cholestyramine


Also found in: Thesaurus, Medical, Encyclopedia, Wikipedia.

cho·le·styr·a·mine

 (kō′lĭ-stîr′ə-mēn′, kō-lĕs′tə-răm′ēn)
n.
A drug that binds to intestinal bile acids and promotes their excretion, used to lower serum cholesterol levels and to treat itching associated with partial biliary obstruction.

cholestyramine

(ˌkɒlɪˈstaɪərəˌmiːn)
n
(Pharmacology) a drug that reduces and prevents re-absorption of bile in the body
Translations

cholestyramine

n colestiramina
References in periodicals archive ?
Cholestyramine would clear his mind for one hour after taking it.
Recent research has shown that dietary fiber from green cabbage may be as effective as cholestyramine, a commonly prescribed drug to lower blood cholesterol levels, in reducing blood lipids.
Nine (8.19%) patients presented with diarrhea which responded to cholestyramine and resolved over a period of about six months.
M2 PHARMA-July 2, 2018-ANI Pharmaceuticals Now Marketing Oral Cholestyramine
Initially two patients had 4 to 6 episodes of diarrhoea, for which Cholestyramine was used.
Currently available therapies are BASs like cholestyramine, colestipol, and colesevelam.
The patient completed a 10-day course of doxycycline but unfortunately suffered from bile cast nephropathy from severe hyperbilirubinemia with continued rise in Cr (Figure 1(a)), for which he was treated with cholestyramine and ursodiol.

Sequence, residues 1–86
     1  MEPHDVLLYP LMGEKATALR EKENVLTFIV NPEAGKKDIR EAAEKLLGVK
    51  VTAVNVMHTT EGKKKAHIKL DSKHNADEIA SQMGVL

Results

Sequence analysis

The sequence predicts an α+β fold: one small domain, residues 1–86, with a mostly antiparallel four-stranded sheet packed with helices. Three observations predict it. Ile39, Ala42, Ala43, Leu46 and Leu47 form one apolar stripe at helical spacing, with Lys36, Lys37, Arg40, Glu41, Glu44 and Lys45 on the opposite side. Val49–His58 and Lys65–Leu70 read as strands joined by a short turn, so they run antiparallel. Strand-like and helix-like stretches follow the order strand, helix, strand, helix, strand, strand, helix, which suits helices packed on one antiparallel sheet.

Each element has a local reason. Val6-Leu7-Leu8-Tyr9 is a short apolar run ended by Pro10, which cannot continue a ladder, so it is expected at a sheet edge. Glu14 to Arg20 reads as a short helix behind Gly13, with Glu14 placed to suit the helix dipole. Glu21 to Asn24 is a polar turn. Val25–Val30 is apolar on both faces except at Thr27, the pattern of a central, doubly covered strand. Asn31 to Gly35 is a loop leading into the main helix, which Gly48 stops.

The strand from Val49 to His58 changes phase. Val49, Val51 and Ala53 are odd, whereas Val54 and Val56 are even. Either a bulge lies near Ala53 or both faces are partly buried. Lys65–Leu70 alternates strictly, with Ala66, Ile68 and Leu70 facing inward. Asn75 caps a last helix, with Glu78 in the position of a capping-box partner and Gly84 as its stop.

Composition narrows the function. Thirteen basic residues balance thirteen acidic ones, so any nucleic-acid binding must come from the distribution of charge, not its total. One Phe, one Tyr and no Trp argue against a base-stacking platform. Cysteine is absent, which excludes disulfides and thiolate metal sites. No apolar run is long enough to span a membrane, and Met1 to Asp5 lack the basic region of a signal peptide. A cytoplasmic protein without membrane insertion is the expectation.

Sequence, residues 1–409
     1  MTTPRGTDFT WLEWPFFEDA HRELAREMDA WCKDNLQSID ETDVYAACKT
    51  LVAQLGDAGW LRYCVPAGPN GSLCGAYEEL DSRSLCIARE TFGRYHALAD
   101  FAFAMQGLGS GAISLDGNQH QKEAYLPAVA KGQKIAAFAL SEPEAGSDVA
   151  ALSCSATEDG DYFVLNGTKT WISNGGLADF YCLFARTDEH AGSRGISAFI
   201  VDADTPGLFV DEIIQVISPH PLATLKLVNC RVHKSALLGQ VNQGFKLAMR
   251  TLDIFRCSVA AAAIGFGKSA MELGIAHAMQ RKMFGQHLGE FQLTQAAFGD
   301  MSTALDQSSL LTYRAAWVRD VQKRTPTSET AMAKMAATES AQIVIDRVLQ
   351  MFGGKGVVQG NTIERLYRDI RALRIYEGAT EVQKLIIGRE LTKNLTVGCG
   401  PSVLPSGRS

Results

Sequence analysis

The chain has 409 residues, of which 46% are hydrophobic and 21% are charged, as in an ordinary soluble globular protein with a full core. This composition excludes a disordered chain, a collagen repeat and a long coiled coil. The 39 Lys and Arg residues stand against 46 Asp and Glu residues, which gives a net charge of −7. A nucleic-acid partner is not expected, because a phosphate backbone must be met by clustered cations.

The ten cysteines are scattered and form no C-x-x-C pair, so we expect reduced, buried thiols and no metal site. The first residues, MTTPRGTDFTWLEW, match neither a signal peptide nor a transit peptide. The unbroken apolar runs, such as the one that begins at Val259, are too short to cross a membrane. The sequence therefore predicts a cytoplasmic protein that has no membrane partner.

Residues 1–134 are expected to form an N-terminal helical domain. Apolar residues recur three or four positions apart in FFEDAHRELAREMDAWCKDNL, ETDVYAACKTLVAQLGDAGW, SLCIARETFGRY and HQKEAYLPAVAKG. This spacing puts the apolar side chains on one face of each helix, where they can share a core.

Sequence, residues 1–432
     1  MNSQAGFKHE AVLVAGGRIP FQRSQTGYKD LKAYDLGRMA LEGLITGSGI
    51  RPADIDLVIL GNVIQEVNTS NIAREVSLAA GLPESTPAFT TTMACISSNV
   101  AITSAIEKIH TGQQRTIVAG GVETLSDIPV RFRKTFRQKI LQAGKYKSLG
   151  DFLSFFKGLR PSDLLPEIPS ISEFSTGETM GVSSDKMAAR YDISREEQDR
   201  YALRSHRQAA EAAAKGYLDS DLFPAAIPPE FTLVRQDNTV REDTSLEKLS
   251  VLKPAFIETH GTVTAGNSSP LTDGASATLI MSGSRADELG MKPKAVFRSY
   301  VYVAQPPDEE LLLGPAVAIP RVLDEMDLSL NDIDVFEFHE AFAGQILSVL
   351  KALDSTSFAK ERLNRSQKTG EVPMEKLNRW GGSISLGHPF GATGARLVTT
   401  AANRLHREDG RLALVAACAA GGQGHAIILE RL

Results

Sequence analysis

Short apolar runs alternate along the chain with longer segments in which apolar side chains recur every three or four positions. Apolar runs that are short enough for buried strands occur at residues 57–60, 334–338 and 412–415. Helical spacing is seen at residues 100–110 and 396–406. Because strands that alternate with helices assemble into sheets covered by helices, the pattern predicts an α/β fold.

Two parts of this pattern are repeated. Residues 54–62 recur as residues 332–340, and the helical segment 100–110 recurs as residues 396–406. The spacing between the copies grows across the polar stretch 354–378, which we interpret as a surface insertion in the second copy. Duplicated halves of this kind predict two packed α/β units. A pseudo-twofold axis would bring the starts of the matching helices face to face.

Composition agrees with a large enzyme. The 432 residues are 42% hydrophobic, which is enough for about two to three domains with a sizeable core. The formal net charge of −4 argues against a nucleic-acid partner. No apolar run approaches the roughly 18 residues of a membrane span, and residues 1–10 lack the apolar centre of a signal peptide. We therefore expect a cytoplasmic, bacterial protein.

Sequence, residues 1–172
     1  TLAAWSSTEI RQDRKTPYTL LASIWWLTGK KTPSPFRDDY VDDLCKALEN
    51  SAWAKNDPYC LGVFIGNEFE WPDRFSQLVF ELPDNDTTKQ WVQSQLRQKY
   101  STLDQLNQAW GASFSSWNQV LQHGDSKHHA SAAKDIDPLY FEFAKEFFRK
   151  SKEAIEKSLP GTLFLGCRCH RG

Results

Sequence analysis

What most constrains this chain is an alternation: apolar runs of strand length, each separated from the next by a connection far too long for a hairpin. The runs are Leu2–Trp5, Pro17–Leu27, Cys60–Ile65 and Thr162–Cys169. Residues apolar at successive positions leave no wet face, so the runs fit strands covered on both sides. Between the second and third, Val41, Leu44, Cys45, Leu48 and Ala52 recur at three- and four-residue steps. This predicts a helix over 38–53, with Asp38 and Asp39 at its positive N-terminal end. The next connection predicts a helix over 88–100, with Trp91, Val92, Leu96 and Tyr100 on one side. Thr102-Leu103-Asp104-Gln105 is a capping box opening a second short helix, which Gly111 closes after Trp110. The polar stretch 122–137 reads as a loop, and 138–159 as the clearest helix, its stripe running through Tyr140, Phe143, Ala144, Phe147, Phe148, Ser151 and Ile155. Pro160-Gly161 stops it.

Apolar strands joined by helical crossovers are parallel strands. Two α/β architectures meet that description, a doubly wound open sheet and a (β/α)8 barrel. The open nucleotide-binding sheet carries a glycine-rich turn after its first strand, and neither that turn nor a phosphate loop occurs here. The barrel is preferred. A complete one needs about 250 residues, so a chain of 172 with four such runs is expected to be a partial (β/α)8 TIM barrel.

In this narrative review, we provide data about the mechanisms of action, indications, dosages, and side effects of NTADs that are currently used including iodine-containing compounds, lithium carbonate, perchlorate, glucocorticoids, and cholestyramine. Furthermore, we provide an up-to-date review of studies that have investigated drugs acting on the pathogenesis of GD including rituximab and treatment targeting the thyroid-stimulating hormone receptor (TSHR) as well as the future prospects for new therapies for GD that have not been mentioned together in previous reviews.
The BAS include colesevelam (Welchol, Daiichi Sankyo Inc, Tokyo, Japan), colestipol (Colestid, Pfizer Inc, New York, New York), and cholestyramine (LoCholest, Warner Chilcott Inc, Rockaway, New Jersey; Prevalite, Upsher-Smith Laboratories, Maple Grove, Minnesota; and Questran, Par Pharmaceutical, Woodcliff Lake, New Jersey).
Currently, there are six categories of antilipidemic drugs available in the market, namely, HMG-CoA reductase inhibitors (statins), for example, lovastatin; bile acid sequestrants (anion-exchange resins), for example, cholestyramine and colestipol; fabric acid derivatives (fibrates), for example, clofibrate, gemfibrozil, fenofibrate, ciprofibrate, and bezafibrate; nicotinic acid, for example, niacin; cholesterol absorption inhibitors, for example, ezetimibe; and omega-3-fatty acids (fish oil), for example, Pulse [5].
Bile acid sequestrants include cholestyramine (Prevalite, Questran), colesevelam (Welchol), and colestipol (Colestid).